[Artwork depicting a Falcon Heavy night launch. Credit: SpaceX]
Yesterday, the private rocket company SpaceX announced that it plans to send two humans in a flight around the Moon in late 2018.
The announcement says that the company was approached by two people -- referred to only as “private citizens” -- who put down a “significant deposit” on a rocket flight. The flight would not land on the Moon, but instead go on a path around the Moon and then return back to Earth, taking about a week total.
The big question is: Can they do it?
The answer to that question is, yes, they can. But a whole lot has to happen between now and then.
First, the capsule has to be tested and crew rated. They’ll be using the Dragon 2, an upgraded version of the Dragon capsule they’ve been flying for a few years now. The D2 is larger, designed to carry humans, and has a lot of new hardware on it. It’s never been flown, but should be tested later this year on an uncrewed flight to the International Space Station (ISS) as part of NASA’s Commercial Crew Program. It’ll fly on a Falcon 9 rocket for that mission.
[Edited to add (Feb. 28, 2017 at 16:00 UTC): I implied this but should've been more clear here: SpaceX has not yet launched a crewed mission; that is, a flight with humans on board. That is a major, major milestone and one they hope to pass sometime in 2018. Of all of these steps, this may be the most important before this translunar flight can be made.]
The second big piece of this is the rocket. For that they’ll need the Falcon Heavy, a huge booster that’s like three Falcon 9s strapped together. A single Falcon 9 doesn’t have anywhere near the lift capability to send two humans and supplies around the Moon, but the Heavy will have 5 million pounds of thrust; 2/3rds the power of a Saturn V (which had to launch heavier equipment to the Moon) and far more than any other rocket currently in use. It’ll have lift capability to spare.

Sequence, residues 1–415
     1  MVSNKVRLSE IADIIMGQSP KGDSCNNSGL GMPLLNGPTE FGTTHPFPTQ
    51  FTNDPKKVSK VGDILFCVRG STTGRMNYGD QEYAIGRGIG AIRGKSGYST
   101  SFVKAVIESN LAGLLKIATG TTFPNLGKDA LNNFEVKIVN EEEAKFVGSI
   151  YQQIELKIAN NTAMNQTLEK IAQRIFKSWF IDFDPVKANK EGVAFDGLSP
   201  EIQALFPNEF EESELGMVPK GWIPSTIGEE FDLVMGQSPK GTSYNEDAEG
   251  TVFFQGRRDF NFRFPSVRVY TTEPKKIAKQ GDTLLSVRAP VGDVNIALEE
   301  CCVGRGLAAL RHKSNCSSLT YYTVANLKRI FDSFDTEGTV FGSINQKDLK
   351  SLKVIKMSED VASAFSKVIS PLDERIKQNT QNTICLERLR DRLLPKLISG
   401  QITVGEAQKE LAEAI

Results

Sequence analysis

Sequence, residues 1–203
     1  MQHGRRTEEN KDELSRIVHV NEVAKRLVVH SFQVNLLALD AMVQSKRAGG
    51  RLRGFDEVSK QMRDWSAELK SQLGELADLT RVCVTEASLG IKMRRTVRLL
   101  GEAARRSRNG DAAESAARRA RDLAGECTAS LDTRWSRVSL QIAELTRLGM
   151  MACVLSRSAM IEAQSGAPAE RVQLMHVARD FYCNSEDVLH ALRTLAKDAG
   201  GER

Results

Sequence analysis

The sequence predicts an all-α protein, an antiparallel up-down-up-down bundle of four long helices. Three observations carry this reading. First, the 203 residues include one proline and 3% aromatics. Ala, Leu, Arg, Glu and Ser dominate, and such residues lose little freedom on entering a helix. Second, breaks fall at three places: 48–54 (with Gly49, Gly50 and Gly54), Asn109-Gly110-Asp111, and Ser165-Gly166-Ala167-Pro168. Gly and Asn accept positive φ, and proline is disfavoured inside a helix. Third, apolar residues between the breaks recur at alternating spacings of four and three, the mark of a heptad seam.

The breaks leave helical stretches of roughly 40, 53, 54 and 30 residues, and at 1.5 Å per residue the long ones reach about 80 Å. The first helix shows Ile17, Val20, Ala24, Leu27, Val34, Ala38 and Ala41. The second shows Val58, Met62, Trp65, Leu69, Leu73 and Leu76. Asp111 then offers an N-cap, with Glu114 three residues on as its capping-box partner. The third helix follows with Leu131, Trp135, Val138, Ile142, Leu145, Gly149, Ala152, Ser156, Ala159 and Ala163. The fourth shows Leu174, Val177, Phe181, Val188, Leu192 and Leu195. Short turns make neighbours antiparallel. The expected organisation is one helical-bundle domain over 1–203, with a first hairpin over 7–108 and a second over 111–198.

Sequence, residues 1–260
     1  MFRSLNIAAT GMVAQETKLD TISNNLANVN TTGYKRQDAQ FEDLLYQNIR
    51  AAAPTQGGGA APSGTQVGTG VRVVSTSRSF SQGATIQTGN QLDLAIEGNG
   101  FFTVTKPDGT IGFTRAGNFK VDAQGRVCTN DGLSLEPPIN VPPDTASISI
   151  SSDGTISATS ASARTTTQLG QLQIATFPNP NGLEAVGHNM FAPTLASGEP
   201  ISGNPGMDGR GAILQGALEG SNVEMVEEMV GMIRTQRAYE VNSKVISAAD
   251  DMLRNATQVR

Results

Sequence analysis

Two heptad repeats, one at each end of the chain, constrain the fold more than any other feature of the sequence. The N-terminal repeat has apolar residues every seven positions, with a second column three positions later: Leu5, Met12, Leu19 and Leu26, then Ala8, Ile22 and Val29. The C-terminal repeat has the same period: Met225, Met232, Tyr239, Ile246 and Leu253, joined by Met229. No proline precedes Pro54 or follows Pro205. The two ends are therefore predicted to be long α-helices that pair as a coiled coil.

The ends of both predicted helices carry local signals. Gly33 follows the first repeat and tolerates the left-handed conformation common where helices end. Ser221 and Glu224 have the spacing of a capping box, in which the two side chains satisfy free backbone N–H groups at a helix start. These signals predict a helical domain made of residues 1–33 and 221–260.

However, like the capsule, the Falcon Heavy has not yet flown. The hardware has been in production for some time (I saw pieces of it myself when I toured the SpaceX factory in 2015 and again in late 2016), but a full up test of the rocket isn’t planned until later this year, as well.
If I sound cautious here, it’s because I am. SpaceX has done some amazing things, and has even shown a lot of resilience and flexibility that is difficult in big space agencies; they’ve had two Falcon 9 failures but have diagnosed the problems and apparently fixed them rapidly. The successful flight of a Falcon 9 with a Dragon to the ISS a week ago shows they have what it takes to be successful after big setbacks.
But there are issues. The company is behind schedule on many aspects of their launches (due to internal and external factors like NASA funding issues, loss of vehicles, and so on), and it should be stressed that both key technologies (rocket and capsule) haven’t flown yet. Once those are successfully tested, I’ll be much more confident this mission will happen and will happen on time.